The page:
1. Globalization and the Importance of “Brand Translation™”

Restaurant franchise systems have long struggled to strike the perfect balance between strict adherence to standardization/consistency and adaptability to new markets. This challenge has become more pronounced as restaurant companies expand globally. On the one hand, part of what “makes” a franchise system is consistency — the Big Mac (for instance) tastes exactly the same no matter where you are in the world. On the other hand, a rigid and indiscriminate application of brand standards can snuff out the kind of innovations new entrepreneurs/franchisees entering the system can contribute. They may also open a hamstrung franchisee to potent attacks of more localized competitors who leverage localized market knowledge and business-building approaches.

One of the things that struck me during our site visits of some AmRest restaurants is that they had a lot of flexibility to blend the best of the global franchise systems with their own localized knowledge and business savvy.  We refer to this as “Brand Translation™,” whereby the essence of a brand is kept intact but it is adapted (or translated) subtly into foreign markets (exactly the kind of work we love to do).

A few AmRest examples: Within their KFC business they conceptualized new non-core menu items (such as their B-Smart Box and Krusher’s non-carbonated drink line); sell fresh locally-sourced chicken versus frozen; and also sell beer on the weekends. Within their Pizza Hut business, they launched a successful by-the-slice concept (sold from a small window on a busy square in Wroclaw) for the late-night crowd and also focus much more heavily on fresh, locally sourced produce than any Pizza Hut you’d find back in the States.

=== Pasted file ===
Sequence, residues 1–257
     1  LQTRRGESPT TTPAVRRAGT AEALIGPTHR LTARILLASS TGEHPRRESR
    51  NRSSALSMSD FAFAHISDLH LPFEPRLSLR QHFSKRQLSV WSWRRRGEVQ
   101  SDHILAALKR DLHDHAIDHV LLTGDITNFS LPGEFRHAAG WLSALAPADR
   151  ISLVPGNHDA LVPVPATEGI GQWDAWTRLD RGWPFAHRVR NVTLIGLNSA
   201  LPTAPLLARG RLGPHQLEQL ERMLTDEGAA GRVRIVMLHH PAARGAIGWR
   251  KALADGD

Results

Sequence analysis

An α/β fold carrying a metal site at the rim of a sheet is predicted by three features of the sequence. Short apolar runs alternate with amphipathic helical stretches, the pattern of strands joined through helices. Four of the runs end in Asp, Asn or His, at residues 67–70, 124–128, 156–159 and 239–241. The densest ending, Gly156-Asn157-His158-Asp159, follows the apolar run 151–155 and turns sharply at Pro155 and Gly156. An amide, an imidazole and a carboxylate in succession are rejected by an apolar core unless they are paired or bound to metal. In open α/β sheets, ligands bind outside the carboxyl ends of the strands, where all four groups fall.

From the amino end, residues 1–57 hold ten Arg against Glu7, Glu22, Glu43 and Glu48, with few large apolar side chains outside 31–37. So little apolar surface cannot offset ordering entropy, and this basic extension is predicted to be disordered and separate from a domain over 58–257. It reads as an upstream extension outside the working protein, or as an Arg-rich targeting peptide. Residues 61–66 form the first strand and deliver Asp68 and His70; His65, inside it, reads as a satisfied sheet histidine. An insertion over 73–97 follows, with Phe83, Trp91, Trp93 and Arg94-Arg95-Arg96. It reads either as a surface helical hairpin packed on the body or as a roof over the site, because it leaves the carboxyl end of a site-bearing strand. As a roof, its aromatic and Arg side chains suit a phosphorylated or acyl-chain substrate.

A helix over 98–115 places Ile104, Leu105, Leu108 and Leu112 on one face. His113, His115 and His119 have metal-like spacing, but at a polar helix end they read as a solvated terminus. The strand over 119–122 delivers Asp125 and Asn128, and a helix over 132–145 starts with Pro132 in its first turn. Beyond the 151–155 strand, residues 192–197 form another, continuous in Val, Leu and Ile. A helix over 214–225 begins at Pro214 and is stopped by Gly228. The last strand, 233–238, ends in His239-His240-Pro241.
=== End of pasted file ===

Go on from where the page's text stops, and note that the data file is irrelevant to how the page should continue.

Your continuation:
5. Acquisitions and Partnerships 

Over the years I’ve been approached by dozens of hedge funds, venture capital firms, and respected industry investors asking for help finding new acquisition/investment opportunities. Recessions often spur on even more interest and certainly a flurry of acquisitions, divestitures, and chain shakeups. Some are profit-minded and some are value-minded. You soon get the sense of which firms are just deal-hunting and which ones are looking to truly add long-term value for all involved. AmRest is not only a well-funded and growth-minded company, it is a company intent on growing into new markets around the world both through acquisition and joint-venture partnerships. If you’re reading this and are with an established/respected foodservice concept in an emerging market, you may want to start getting more familiar with AmRest. It’s a good company to know; especially if you’re growth-minded and believe in the motto “Anything is possible”.

6. Mottos and Manifestos 

A motto is a “phrase meant to formally describe the motivation or general intentions of a social group or organization” (Wikipedia). A manifesto is a public declaration of principles or intentions. I believe a company should have both. Naturally, AmRest does.

McGovern has woven into AmRest a culture rooted in the motto “Anything is possible.” It is clear the company got where it is today by truly believing and behaving in a manner consistent with that motto.

Imagine going back to 1993 and sitting with Henry in that first little Pizza Hut in Wroclaw.  If he had described then the AmRest of today how many people would have actually believed in his vision? When today they hear that he aspires to grow AmRest into one of the top 10 largest restaurant companies in the world, do they see that future for the company as clearly as they can trace it backwards from today?

As Henry Ford once said, “Whether you think you can or can’t, you’re right”.

Surround yourself with believers.  Devil’s advocates and naysayers are much easier to find and much less useful than believers.

Biggest Take-Away from the Meeting?

If you’re tracking which companies and executives in the global restaurant industry that are doing something, you’ll want to add McGovern and AmRest Holding’s to your short-list of ones to watch.